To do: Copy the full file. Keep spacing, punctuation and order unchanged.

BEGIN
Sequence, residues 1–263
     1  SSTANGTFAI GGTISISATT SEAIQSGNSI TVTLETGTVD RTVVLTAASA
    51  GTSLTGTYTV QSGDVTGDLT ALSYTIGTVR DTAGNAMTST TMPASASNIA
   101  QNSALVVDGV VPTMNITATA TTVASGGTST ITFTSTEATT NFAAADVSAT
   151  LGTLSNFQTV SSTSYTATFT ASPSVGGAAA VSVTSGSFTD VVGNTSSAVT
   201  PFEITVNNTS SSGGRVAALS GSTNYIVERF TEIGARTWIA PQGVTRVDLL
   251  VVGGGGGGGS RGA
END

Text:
Sequence, residues 1–263
     1  SSTANGTFAI GGTISISATT SEAIQSGNSI TVTLETGTVD RTVVLTAASA
    51  GTSLTGTYTV QSGDVTGDLT ALSYTIGTVR DTAGNAMTST TMPASASNIA
   101  QNSALVVDGV VPTMNITATA TTVASGGTST ITFTSTEATT NFAAADVSAT
   151  LGTLSNFQTV SSTSYTATFT ASPSVGGAAA VSVTSGSFTD VVGNTSSAVT
   201  PFEITVNNTS SSGGRVAALS GSTNYIVERF TEIGARTWIA PQGVTRVDLL
   251  VVGGGGGGGS RGA